Posted by The TaxAdvocate Group, LLC

Tax Implications of Year-End Bonuses

Tax Implications of Year-End Bonuses

According to the Washington Post, many employers pay workplace bonuses instead of pay raise. Bonuses are easier to stop than a steady increase in pay and have an immediate positive impact on workers. Employee bonuses are great incentives for workers, but be sure to first consider the tax implications to your company and your employees before you even offer them.

How Bonuses are Paid

Just to be clear, for some special purpose, a bonus is a special one-time or annual payment to an employee. The bonus is an additional payment in excess of the year's salary or hourly pay rate. You can choose who gets a bonus, the amount of a bonus, and when it is given. You may place a bonus in the regular paycheck of an employee, but for extra effect, offering a separate check is also good.

Incentives, such as sales incentives for salespeople, can be contingent, or they can be for achievement awards. Another form of incentive is a special holiday bonus for a group of employees who have achieved a specific goal of sales or production or overall annual profitability.

Deduction of Compensation for Jobs as a Business Expense

If you've got some cash and expect to make a profit this year, then it is indeed the perfect time to give bonuses to your employees. You also get a lot of goodwill from workers, especially around the holidays, in addition to receiving a tax deduction for these benefit expenses.

Announce the bonus as a one-time event, so your employees won't expect to receive bonuses every year. It's funny how people come to expect it again when you do something once. Others see it as a job right when you do it twice, not just a luxury.

Bonuses are deductible business expenses in the "payments to employees" category. If you give bonuses to some employees and not to the others, make sure that you have a clear rationale for that difference. For example, you might want to offer performance-related incentives, which are linked to evaluations. Susan Heathfield, Human Resources Expert, has an excellent article on granting employee incentives to help you think about this method carefully.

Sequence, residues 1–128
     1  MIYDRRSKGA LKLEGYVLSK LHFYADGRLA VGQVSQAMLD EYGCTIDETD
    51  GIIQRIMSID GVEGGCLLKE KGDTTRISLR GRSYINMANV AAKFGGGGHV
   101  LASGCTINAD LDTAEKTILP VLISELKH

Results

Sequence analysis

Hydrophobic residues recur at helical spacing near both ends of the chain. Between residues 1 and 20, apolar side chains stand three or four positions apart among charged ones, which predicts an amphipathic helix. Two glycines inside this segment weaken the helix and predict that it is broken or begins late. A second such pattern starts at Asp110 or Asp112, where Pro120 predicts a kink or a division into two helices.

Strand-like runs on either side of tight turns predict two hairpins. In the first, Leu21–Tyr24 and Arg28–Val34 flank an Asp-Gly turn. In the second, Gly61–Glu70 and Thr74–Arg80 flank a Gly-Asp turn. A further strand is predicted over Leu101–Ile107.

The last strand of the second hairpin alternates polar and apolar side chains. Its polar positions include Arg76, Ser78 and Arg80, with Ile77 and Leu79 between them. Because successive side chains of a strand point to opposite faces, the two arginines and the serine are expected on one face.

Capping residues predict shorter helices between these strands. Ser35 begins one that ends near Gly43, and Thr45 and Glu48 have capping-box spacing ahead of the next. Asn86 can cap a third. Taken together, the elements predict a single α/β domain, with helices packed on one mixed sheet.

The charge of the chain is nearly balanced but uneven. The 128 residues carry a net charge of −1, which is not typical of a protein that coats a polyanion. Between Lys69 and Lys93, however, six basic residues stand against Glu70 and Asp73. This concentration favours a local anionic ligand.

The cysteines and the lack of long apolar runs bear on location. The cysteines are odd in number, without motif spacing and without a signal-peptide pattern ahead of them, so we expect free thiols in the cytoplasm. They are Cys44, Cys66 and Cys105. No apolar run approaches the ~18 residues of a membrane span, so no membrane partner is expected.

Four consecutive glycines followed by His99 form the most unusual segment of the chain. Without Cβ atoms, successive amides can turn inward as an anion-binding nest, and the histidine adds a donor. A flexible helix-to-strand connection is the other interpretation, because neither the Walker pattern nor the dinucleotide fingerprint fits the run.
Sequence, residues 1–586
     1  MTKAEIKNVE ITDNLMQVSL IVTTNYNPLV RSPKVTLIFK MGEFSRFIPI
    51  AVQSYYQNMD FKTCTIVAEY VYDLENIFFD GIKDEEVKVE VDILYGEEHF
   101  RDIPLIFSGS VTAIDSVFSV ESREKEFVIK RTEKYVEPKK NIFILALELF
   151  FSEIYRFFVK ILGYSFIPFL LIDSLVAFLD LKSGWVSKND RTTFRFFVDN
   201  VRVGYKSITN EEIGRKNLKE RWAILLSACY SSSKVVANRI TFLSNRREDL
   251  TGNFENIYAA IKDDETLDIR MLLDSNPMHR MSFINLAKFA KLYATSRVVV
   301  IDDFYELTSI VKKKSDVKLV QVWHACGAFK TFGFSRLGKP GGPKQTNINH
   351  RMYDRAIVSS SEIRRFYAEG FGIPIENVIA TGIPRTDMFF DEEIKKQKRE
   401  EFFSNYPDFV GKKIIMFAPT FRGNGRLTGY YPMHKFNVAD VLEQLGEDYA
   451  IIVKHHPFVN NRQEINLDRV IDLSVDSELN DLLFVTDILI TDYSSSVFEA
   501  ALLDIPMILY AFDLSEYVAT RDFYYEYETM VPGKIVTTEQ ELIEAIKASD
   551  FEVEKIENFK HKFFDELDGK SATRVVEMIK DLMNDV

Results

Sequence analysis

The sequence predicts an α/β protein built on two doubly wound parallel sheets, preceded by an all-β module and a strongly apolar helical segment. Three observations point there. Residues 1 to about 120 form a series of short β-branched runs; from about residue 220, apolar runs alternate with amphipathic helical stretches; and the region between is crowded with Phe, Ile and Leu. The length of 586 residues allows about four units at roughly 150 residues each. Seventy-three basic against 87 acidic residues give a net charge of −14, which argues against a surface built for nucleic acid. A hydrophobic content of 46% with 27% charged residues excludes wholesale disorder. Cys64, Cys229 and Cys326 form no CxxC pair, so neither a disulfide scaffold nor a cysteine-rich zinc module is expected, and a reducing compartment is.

Employee / Owner Rewards

Employee/ owner incentives are a legitimate business expense and under certain circumstances can be deducted. For example:

S Corporations can deduct bonuses for shareholders and owners as long as at the time the bonus is paid, they own their shares.

Those shareholders/ owners who have a 50 percent or higher stake at the time the bonus is paid can be withheld by C Corporations.

Bonuses are not considered deductible costs for single ownerships, partnerships and Limited Liability Companies (LLCs) because the IRS considers owners/ partners/ members to be self-employed. It is a situation in which more tax deductions will arise from running a company and at the same time being an employee of your own company.

Bonuses for Employees as a Taxable Income

Employee bonuses as an employee benefit are always taxable. Federal and state income taxes and FICA (Social Security and Medicare) contributions must be withheld. Benefit payments may also be included in the calculation of unemployment taxes, full social security, and extra Medicare tax.

Bonuses and Overtime

Incentives may be discretionary (at the employer's discretion) or non-discretionary. Knowing the difference is crucial, as non-discretionary incentives may need to be included in the measurement of overtime pay.

When not anticipated, a bonus is discretionary. It is discretionary if you give a performance bonus to an employee at the end of a year, and you don't give it every year. The only exception is that the IRS states that even if they are offered every year, holiday bonuses can be discretionary.

Non-discretionary bonuses are those levied on the employer through a union contract, employment contract, or as an incentive that workers receive (except for the above-noted holiday bonus). 

In addition to weekly gross pay, non-discretionary bonuses must be added for overtime purposes for hourly employees and for exempt employees eligible for overtime. Let's say the pay for the week for an employee, including the non-discretionary bonus, is $650, and the employee's overtime worked 3 hours. The daily rate of pay for the employee is $15.11. The bonus for overtime is 50% or $7.56 an hour. The gross overtime bonus for the three overtime hours is $22.67, which for a total of $672.67 is added to the regular pay. Further guidance on how to determine incentives and overtime is available from the Labor Department.

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